In a few weeks, we will have lost interest in the lunatic who opened fire in a movie theater on July 20, shooting 70 strangers who had never done him any harm.
We will all have agreed, once again, that it is always the quiet ones who are most dangerous.
We will blame the University of Colorado and the assailant's parents, claiming they should have deduced that something was wrong, even though there is no way anyone could have imagined that a graduate student might interpret a movie about a comic book hero as an opportunity for mass murder.
We'll settle into a new way of looking at the world. We will feel nostalgic when we think about how only a few weeks ago we did not worry about getting gunned down when we took our children to see the latest summer blockbuster.
But we will learn to live with the necessity of planning an exit strategy in the event of a massacre at the main street movie theater. We will study other theater-goers more closely, estimate their capacity for violence, and keep our eyes on the exit doors.
In a few weeks, too, we will have forgotten the names of everyone but the killer, the one person in the theater that night who does not deserve to be remembered.
We will follow his trial, and struggle to create reason behind his unfathomably senseless act. In the end, we will conclude that the gunman is not especially interesting, just a garden variety sociopath whose insanity took a mean turn.
There are so many victims that we cannot possibly remember all of their names, but they deserve to be immortalized while their murderer lives on in a cell, soaking up the notoriety he craved.
He will wait for his name to appear over and over again in news reports, and each time it does he will receive some measure of satisfaction. But for me, his name has faded into obscurity.
I have resolved to remember only the names of the innocents who died. They are the people who should command our attention, and so I have listed them below:
Gordon W. Cowden, 51, went to the movie with two his teenage children, who escaped. His family described him as a loving father.
Rebecca Ann Wingo, 32, leaves behind two daughters, ages 2 and 6. They will grow up knowing their mother only through pictures and stories.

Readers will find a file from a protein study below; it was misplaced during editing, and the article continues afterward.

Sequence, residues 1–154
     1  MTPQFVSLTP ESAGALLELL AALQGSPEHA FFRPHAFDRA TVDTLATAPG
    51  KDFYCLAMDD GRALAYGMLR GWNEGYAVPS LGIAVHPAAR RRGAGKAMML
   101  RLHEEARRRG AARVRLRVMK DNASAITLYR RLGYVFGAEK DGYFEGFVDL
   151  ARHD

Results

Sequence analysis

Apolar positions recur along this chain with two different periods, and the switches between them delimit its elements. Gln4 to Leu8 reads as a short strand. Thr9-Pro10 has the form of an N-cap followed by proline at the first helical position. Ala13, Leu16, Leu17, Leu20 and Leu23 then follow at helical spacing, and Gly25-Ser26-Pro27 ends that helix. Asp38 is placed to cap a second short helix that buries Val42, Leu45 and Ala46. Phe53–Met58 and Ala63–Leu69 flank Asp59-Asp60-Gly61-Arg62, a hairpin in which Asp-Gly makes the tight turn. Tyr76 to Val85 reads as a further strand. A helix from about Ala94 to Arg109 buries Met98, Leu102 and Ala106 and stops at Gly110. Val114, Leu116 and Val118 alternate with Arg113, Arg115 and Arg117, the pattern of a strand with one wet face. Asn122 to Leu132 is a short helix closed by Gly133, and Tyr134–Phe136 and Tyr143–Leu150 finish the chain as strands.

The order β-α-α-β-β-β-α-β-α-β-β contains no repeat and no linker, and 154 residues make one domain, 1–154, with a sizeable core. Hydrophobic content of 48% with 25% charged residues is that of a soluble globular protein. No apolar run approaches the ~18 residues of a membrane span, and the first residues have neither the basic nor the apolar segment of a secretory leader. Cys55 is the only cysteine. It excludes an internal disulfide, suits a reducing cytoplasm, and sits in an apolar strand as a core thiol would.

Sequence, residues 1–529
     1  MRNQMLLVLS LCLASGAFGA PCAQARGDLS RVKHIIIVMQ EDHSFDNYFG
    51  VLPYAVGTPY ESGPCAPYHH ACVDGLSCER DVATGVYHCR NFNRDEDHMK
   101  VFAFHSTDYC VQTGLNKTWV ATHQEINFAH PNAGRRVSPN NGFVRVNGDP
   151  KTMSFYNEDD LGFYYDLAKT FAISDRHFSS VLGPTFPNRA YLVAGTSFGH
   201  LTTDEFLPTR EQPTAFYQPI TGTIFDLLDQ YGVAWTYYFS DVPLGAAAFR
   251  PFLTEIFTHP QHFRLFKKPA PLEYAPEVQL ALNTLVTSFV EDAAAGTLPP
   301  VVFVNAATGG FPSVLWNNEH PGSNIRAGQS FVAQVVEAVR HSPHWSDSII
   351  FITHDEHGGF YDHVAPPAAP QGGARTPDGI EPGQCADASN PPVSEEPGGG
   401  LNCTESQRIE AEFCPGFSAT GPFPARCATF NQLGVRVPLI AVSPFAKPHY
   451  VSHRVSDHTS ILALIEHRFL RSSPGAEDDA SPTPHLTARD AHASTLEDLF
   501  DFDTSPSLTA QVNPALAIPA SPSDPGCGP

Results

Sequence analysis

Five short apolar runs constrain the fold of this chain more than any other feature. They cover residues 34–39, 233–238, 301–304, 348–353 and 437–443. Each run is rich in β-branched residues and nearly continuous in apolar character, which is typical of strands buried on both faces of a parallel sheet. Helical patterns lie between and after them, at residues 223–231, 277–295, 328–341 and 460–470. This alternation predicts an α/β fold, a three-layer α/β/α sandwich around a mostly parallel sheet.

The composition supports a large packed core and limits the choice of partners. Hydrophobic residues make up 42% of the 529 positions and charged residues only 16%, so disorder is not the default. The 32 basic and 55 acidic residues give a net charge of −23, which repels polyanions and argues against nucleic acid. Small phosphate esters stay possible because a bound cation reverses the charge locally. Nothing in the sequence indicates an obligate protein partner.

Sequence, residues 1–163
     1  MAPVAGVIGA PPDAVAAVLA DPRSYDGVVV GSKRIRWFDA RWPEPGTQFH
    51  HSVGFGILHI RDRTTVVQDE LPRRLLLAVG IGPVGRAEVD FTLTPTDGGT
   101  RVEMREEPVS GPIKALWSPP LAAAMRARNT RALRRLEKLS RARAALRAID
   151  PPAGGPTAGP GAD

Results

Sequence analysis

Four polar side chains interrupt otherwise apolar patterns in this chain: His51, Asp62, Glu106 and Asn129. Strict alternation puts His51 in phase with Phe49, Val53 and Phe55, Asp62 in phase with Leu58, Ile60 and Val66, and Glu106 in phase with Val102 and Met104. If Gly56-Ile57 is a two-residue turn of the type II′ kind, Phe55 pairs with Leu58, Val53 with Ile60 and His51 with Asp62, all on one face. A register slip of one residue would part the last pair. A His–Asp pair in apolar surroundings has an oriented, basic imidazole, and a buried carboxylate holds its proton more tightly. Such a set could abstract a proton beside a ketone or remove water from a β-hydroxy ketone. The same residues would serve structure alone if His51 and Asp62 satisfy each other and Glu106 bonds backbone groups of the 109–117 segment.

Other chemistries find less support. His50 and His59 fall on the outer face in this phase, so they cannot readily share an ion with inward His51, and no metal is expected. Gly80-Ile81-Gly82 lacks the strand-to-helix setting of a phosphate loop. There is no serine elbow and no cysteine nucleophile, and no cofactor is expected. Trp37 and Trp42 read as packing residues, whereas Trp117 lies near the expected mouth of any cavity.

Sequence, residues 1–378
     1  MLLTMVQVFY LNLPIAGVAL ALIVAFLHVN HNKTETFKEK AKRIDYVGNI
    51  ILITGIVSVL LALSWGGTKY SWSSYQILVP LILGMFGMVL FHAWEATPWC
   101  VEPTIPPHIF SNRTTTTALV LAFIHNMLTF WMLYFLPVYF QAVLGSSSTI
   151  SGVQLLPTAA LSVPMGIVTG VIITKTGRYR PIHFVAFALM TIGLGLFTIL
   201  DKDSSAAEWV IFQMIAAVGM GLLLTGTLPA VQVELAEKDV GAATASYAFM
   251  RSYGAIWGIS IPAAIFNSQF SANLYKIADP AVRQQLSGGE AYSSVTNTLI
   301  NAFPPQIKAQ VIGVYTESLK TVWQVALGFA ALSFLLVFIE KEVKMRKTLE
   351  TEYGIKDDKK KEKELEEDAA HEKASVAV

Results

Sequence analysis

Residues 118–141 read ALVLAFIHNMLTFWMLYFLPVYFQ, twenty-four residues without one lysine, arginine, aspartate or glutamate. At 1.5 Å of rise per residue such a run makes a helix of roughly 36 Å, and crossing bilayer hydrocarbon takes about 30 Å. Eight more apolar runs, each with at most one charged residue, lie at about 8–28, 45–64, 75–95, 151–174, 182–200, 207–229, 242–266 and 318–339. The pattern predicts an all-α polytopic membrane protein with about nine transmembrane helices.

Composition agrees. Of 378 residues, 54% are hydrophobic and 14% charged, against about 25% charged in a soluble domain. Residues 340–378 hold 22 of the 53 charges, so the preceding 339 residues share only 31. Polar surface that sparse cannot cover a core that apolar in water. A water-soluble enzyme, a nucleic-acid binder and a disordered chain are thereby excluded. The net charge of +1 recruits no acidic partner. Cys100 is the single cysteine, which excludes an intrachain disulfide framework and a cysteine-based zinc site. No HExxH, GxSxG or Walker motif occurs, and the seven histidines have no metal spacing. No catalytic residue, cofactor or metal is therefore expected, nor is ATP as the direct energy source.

Jesse Childress, 29, was an Air Force sergeant who was raised in Palmdale. He died while saving a friend. His high school history teacher described him as "a good man."
John Larimer, 27, was a Navy cryptologic technician. His aunt described him as having a "rapier wit."
Matthew McQuinn, 27, saved his girlfriend's life by putting himself in the line of fire.
Alex Sullivan, 27, was celebrating his birthday. He was a newlywed who died while shielding others.
Jonathan T. Blunk, 26, dreamed of becoming a Navy SEAL. He died after pushing his girlfriend to the floor, an act that saved her life.
Jessica Ghawi, 24, was an aspiring sportscaster who avoided a mall shooting in early June by leaving shortly before a gunman entered the building and shot two people. She wrote in her blog that the incident highlighted for her the fragility of life.
Alexander C. Teves, 24, had recently earned a master's degree in counseling. He shielded his girlfriend, who later told reporters "I'm broken . ... We were just supposed to watch a movie."
Micayla Medek, 23, described herself as a woman who was "just trying to get her life together while having fun."
Alexander J. Boik, 18, was a recent high school graduate who wanted to be an art teacher.
Veronica Moser-Sullivan, 6, liked Disney movies and princesses.
There will be articles and documentaries examining the minutiae of the killer's life, but I am determined not to read or watch any of them. I refuse to give him my attention.
I will reserve my thoughts instead for the men and women, and for Veronica, who went to the theater in Aurora on July 20 believing they were just supposed to watch a movie.
The author teaches English at UC Merced and Merced College.